Amateur Radio on the International Space Station (ARISS) and its partners are troubleshooting the failure of the on-board NA1SS amateur station in the ISS Columbus module. ARISS was alerted of the problem when a contact with a school in Wyoming, between ON4ISS on Earth and astronaut Mike Hopkins, KF5LJG, at NA1SS, had to abort when no downlink signal was heard.
“Today was a tough one for ARISS,” ARISS-International Chair Frank Bauer, KA3HDO, began in a message on January 28 to the ARISS team. Bauer explained that during a January 27 spacewalk to install exterior cabling on the ISS Columbus module, the current coax feed line installed 11 years ago was replaced with another built by the European Space Agency (ESA) and Airbus. It included two additional RF connectors to support the commissioning of the Bartolomeo payload-hosting platform installed last spring on Columbus.
“On January 26, prior to the EVA [extravehicular activity], our Columbus next-generation radio system was shut off and the ISS-internal coaxial cable to the antenna was disconnected from the ARISS radio as a safety precaution for the EVA,” Bauer said. During the spacewalk, an external four-connector coax feed line replaced one with two RF connections.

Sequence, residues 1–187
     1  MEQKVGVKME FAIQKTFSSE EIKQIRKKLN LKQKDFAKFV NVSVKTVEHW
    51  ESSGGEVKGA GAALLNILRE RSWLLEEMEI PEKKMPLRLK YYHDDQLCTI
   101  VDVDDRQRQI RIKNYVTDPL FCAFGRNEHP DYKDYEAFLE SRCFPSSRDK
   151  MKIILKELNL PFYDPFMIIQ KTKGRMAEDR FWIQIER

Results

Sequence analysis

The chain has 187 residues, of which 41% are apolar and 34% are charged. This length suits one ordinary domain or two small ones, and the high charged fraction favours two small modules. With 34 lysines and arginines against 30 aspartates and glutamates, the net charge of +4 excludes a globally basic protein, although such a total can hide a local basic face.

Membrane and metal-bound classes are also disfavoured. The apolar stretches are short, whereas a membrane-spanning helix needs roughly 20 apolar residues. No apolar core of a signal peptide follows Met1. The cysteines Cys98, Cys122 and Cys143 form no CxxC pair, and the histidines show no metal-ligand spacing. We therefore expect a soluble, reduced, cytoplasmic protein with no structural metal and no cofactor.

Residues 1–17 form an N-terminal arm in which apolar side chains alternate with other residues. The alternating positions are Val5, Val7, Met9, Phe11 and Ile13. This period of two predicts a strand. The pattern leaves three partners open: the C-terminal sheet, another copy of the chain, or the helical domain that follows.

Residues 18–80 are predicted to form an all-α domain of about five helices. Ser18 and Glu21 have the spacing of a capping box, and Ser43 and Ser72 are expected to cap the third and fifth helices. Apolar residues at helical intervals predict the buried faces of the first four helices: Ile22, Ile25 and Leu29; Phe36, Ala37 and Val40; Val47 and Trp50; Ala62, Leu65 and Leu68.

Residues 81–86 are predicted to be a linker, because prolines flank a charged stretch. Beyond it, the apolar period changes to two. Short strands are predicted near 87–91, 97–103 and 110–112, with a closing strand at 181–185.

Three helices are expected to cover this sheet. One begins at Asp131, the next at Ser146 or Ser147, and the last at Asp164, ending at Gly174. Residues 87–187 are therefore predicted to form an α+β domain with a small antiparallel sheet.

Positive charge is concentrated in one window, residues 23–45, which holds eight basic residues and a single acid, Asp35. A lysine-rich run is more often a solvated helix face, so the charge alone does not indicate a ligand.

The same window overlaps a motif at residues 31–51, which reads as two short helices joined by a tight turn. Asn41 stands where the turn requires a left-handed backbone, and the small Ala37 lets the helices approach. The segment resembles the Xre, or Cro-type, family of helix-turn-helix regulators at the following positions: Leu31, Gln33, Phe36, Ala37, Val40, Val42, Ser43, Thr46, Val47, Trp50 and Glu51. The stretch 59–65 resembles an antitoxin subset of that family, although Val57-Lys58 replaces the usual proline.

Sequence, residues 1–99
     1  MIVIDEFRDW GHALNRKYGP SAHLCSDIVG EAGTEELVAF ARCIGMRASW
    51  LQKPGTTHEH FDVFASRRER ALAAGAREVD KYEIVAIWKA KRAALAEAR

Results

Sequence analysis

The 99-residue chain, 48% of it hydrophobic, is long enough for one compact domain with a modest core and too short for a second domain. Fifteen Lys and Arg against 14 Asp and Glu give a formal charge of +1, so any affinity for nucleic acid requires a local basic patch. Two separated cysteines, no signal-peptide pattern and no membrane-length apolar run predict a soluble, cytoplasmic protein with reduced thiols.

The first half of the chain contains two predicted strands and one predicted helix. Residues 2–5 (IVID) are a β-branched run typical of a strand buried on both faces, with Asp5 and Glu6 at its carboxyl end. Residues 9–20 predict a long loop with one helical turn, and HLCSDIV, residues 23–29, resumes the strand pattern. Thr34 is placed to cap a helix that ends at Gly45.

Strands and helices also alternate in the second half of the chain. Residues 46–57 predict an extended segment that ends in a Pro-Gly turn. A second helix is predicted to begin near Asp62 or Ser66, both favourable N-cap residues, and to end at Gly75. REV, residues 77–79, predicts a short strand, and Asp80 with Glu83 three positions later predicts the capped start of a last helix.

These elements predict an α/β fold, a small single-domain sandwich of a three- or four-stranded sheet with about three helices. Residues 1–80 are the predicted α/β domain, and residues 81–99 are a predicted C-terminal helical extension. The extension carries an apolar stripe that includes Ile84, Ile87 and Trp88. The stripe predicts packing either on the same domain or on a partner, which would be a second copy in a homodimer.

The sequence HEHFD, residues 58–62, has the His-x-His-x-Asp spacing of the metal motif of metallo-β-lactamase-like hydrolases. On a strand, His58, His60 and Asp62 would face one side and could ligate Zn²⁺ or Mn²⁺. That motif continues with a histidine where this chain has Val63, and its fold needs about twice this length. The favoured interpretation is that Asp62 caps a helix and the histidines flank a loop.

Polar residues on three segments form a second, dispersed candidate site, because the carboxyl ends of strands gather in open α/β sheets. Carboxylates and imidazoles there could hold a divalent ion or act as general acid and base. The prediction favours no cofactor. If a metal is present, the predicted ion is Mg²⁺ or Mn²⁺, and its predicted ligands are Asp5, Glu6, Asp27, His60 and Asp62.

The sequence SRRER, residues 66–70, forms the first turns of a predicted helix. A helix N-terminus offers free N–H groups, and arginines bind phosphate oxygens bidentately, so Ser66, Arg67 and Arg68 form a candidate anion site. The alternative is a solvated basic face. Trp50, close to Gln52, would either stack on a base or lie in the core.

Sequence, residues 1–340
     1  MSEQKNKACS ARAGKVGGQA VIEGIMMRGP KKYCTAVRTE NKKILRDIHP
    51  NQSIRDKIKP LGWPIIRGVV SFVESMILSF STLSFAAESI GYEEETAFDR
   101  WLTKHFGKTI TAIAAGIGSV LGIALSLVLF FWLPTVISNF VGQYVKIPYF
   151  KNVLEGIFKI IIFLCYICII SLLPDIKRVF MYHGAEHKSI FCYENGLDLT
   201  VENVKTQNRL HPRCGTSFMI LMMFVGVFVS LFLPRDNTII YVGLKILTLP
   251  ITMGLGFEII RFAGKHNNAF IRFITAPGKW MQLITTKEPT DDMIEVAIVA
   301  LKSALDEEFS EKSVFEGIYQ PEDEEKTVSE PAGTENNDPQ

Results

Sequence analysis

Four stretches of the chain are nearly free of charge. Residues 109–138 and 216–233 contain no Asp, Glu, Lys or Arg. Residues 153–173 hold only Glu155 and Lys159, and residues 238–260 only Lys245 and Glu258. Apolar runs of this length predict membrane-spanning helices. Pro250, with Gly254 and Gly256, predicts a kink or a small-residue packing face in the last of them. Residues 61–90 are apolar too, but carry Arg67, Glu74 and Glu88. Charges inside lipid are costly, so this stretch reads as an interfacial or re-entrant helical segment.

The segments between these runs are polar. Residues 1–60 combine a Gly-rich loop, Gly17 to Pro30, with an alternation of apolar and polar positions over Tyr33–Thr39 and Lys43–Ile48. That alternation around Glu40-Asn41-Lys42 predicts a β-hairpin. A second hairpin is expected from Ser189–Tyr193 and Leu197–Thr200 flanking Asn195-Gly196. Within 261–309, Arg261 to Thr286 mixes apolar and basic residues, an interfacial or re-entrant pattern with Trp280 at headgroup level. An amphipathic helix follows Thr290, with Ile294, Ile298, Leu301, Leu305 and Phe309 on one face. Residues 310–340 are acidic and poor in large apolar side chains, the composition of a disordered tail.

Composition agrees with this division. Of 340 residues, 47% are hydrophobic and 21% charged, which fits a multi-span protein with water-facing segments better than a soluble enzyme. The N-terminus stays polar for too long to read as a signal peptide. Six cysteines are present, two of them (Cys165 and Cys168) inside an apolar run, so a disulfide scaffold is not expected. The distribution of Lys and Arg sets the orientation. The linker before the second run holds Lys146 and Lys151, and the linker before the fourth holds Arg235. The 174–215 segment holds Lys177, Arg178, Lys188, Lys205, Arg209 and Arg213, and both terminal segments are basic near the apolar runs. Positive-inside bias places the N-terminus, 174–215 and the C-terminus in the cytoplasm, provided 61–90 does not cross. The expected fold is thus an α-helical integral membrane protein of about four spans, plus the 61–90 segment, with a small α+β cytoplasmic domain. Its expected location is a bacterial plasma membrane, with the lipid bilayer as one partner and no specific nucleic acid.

“This change was made to allow ESA to connect ARISS and three additional customers to Bartolomeo, as compared to ARISS and one additional RF customer,” Bauer explained.
With the spacewalk completed, the ISS crew restarted the ISS ham radio station on January 28, but no voice repeater or automatic packet repeater system (APRS) downlink reports were heard. During a scheduled school contact at 1746 UTC, no downlink signal was heard either, and the attempted contact had to be terminated.
“Clearly, there is an issue,” Bauer continued. “More troubleshooting will be required. It may be the new external RF cable that was installed during yesterday’s EVA. It might also [have been caused by] the connect and disconnect of the interior coaxial (RF) cable. So, the interior cable cannot be totally discounted yet.”
Read more – via American Radio Relay League | Ham Radio Association and Resources http://www.arrl.org/news/view/ariss-and-partners-are-investigating-space-station-ham-radio-failure